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The psychology of gambling in a nutshell:
Gambling is a form of entertainment which has been enjoyed for hundreds of years. It has plenty of detractors, who point not only to its potential for addiction-forming, but claim that it’s a business which routinely fleeces its patrons as ‘the house always wins’. Not that the patrons seem to care much - many would point out that gambling is not just about money, it’s a great form of entertainment.
What’s more, it’s pretty much the only form of entertainment around in which you have the chance to get back the money you paid to enjoy it (and more!). Nor is gambling addiction as common as people think - the majority of casual gamblers can do so without even a hint of dangerous or habit forming behaviour.
Why do people enjoy gambling so much? And why do some people get addicted to it when others seem immune?
Ask anyone why they think that gambling is fun, and you’re likely to get a lot of different answers. ‘It’s exciting’, ‘It’s sociable’, ‘You might win money!’. In fact, the reasons behind our enjoyment of gambling are complex and varied, and all of these factors play a part.
Gambling locations like race tracks are sociable places, and gambling gives one a chance to consult and compare with one’s friends while choosing a horse, as well as adding an extra-sociable dimension to watching the race as you egg on (or boo) the picks of your friends·
Then there’s the excitement factor. It cannot be denied that you get a rush of adrenaline when watching a race or playing a game in which you are financially invested. The fact that you might win money adds an extra and thrilling edge to the whole endeavour.
Most gamblers are content to simply enjoy themselves, and will happily cut their losses and walk away before a problematic point is reached. Some people, however, experience the psychology of gambling differently - and it’s these differing neurochemical and psychological reactions which make the difference between a healthy gambler and an addict.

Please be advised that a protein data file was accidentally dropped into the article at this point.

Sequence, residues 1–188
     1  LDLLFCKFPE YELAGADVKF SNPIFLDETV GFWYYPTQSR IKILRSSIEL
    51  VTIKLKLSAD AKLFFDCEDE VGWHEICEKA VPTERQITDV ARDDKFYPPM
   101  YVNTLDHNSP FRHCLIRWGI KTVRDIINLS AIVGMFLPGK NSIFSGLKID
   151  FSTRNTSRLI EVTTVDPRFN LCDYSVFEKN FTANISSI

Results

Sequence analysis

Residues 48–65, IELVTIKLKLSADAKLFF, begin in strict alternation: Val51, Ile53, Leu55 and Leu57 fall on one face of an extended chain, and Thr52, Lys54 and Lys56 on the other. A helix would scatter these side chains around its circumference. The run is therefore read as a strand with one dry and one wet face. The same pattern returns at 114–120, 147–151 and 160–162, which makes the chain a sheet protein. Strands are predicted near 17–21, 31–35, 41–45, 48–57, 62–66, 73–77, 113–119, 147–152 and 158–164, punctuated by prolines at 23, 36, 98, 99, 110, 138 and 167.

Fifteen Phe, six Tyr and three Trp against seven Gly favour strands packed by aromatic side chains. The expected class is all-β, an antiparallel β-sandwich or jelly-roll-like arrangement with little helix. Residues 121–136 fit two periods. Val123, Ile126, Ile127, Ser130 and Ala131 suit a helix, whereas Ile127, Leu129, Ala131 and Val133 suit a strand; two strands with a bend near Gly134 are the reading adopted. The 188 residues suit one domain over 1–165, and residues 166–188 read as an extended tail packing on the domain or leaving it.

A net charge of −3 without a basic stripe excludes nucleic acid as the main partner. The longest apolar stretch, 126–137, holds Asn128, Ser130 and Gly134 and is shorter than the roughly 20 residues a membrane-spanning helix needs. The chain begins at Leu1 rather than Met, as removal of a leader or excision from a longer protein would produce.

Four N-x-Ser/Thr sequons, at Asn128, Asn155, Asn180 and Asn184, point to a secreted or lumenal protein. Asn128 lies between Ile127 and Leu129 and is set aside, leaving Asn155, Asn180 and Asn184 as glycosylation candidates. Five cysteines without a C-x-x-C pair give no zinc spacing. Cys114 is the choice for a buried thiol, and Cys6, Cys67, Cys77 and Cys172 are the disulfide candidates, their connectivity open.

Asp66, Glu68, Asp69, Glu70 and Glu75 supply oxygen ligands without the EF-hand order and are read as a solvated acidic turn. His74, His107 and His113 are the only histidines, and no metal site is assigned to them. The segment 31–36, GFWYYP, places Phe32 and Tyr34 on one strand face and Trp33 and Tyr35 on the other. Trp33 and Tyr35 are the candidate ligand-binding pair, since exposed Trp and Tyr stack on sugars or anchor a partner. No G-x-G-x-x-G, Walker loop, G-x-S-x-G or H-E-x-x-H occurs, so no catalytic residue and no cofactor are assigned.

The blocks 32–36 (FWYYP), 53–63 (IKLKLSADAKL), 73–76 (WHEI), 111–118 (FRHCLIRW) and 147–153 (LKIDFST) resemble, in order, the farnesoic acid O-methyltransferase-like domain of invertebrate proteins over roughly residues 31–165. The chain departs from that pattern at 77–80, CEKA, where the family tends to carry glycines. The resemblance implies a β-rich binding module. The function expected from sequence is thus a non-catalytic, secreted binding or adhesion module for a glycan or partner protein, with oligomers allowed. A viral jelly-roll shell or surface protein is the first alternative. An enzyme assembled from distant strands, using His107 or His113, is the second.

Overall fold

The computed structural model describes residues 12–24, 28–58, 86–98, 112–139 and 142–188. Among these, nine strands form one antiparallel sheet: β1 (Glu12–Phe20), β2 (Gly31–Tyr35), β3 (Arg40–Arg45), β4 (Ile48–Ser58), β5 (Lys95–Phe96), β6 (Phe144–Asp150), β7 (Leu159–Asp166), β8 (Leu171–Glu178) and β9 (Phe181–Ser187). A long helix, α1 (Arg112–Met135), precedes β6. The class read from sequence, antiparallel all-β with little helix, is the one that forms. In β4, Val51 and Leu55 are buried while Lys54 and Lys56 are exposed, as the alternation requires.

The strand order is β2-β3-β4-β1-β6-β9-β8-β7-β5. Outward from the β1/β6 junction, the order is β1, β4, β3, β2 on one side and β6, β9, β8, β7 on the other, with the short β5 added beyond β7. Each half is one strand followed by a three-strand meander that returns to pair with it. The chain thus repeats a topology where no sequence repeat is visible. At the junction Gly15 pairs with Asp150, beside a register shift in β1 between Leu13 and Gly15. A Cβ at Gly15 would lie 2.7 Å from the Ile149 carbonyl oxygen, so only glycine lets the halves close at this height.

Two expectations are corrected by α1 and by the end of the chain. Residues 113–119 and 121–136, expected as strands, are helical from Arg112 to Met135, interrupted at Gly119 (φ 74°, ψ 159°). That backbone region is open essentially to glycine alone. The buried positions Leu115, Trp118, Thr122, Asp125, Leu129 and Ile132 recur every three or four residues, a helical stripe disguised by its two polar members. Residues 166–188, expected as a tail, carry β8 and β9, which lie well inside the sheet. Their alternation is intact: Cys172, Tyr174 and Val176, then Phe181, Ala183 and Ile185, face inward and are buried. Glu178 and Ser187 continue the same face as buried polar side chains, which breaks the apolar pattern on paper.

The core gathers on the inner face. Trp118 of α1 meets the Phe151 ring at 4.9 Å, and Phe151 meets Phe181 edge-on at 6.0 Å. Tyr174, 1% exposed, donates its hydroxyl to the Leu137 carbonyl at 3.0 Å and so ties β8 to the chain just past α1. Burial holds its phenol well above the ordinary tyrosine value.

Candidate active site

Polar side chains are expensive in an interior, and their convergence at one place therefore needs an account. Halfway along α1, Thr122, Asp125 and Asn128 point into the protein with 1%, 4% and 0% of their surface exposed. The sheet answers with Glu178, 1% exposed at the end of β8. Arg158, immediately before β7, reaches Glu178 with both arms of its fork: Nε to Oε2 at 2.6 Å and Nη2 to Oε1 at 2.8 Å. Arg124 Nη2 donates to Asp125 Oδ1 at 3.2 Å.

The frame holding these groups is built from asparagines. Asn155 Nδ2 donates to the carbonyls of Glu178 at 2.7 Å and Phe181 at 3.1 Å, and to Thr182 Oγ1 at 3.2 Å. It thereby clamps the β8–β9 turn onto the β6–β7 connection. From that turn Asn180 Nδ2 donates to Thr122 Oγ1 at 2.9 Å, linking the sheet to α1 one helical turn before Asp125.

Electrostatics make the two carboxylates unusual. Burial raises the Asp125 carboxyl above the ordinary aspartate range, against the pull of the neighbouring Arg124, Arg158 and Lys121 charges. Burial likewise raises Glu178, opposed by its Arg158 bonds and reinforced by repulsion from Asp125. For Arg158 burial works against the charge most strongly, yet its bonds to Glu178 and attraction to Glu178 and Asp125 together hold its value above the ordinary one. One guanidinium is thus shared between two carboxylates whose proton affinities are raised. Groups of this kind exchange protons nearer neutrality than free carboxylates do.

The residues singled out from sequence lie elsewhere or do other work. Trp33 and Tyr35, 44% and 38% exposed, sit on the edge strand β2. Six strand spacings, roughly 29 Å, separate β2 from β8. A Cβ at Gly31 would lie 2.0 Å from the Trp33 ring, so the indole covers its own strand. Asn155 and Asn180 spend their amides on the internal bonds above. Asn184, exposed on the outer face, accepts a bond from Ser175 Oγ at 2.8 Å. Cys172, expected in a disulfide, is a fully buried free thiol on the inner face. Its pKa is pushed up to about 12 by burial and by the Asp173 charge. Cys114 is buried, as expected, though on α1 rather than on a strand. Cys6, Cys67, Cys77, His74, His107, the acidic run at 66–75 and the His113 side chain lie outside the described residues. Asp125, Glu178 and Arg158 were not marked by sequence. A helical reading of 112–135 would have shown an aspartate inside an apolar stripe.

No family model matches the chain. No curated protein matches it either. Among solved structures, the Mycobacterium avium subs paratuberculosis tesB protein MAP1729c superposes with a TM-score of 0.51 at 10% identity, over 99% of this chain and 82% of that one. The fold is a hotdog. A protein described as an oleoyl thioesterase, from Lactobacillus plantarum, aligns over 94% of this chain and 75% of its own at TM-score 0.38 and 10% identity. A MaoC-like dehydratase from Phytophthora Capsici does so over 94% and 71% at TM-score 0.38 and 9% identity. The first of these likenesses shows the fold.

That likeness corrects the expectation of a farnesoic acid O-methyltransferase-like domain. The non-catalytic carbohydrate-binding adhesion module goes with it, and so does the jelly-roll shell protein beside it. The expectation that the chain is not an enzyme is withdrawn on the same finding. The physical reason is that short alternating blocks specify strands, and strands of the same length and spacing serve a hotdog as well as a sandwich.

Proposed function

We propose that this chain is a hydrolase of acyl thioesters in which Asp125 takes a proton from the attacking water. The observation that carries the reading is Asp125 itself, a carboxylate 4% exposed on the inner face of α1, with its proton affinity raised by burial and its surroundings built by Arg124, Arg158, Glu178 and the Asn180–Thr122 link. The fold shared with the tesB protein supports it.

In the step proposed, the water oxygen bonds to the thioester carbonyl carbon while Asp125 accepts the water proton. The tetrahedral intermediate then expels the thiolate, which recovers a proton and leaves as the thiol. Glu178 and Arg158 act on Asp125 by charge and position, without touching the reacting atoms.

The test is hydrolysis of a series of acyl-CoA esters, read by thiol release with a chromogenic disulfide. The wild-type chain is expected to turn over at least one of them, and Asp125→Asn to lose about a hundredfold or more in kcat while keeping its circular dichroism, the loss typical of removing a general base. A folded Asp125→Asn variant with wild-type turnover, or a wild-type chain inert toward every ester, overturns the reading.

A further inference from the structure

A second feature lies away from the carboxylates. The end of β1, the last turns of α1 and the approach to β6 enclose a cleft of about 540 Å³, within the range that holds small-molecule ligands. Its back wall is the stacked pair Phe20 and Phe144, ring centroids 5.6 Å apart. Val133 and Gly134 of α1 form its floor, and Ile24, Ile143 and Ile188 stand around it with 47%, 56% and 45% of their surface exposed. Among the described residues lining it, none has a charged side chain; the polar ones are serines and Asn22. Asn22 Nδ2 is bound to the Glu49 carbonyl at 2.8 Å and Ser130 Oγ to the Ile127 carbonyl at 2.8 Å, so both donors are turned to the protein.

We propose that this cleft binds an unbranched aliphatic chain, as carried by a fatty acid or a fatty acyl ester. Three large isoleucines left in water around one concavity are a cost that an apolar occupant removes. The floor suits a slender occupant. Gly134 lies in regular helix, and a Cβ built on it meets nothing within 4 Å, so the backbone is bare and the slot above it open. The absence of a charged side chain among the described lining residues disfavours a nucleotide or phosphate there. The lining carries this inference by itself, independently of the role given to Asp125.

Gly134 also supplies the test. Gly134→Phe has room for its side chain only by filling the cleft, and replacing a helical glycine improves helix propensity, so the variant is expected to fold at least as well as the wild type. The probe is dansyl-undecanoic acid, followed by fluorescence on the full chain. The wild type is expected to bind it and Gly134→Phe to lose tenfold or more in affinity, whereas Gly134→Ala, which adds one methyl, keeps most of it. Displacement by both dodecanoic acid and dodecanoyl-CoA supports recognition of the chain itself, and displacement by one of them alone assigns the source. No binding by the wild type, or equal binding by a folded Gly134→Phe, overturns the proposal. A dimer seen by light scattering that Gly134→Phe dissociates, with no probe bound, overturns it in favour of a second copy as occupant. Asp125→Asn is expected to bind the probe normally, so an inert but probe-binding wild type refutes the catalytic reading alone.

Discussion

One of the chemicals involved in addiction is dopamine - a chemical which gives us a rush of pleasure. It’s used to ‘reward’ us for positive actions which promote our survival or the survival of the species. Outside of a wild format, the brain has interpreted what needs ‘rewarding’ and what does not in a variety of ways.
Making money, for example, gives many people a rush of dopamine. As you’d expect, winning gives most gamblers a hit of dopamine. Here, however, is where it gets complicated. While the brain’s reward circuits light up like Christmas trees when non-addicted gamblers have a win, for addicted gamblers, the same circuits are activated when they NEARLY get lucky.
For reasons which are not fully understood, this causes them to ‘loss chase’ - plunge good money after bad in the belief that a big win must be coming soon. Near misses are more common than wins, so the neurochemical rewards keep coming, and the individual concerned may quickly spiral into problematic addictive behaviour.
Make no mistake, gambling addiction can ruin lives, getting people into terrible debt and wreaking havoc with relationships, careers, and self-respect. We would advise anyone who habitually chases losses to avoid betting, for the sake of your health.
Nobody is entirely sure why the brains of gambling addicts and the brains of healthy gamblers react to the pastime in such different ways.
There is a lot of evidence to suggest that susceptibility to gambling addiction may be genetic. If one of your parents has had a problem with gambling, you should set yourself some clear limits and be sure to stick to them when you have a flutter!
Many people believe that a propensity towards gambling addiction may have a lot to do with structural differences relating to reward circuits in the brain.
It has been noted that individuals with Parkinson’s Disease - a condition which severely affects the brain’s ability to process dopamine - are at great risk of developing gambling addictions. However, if you have no family history of gambling addiction, no structural issues with your brain, and haven’t displayed a tendency to loss-chase then it’s likely that you - like the majority of people who gamble - will be able to do so without any danger whatsoever.
This article on the psychology of gambling is kindly contributed by Anne Dawson
Further articles by this author - Succeed at Bingo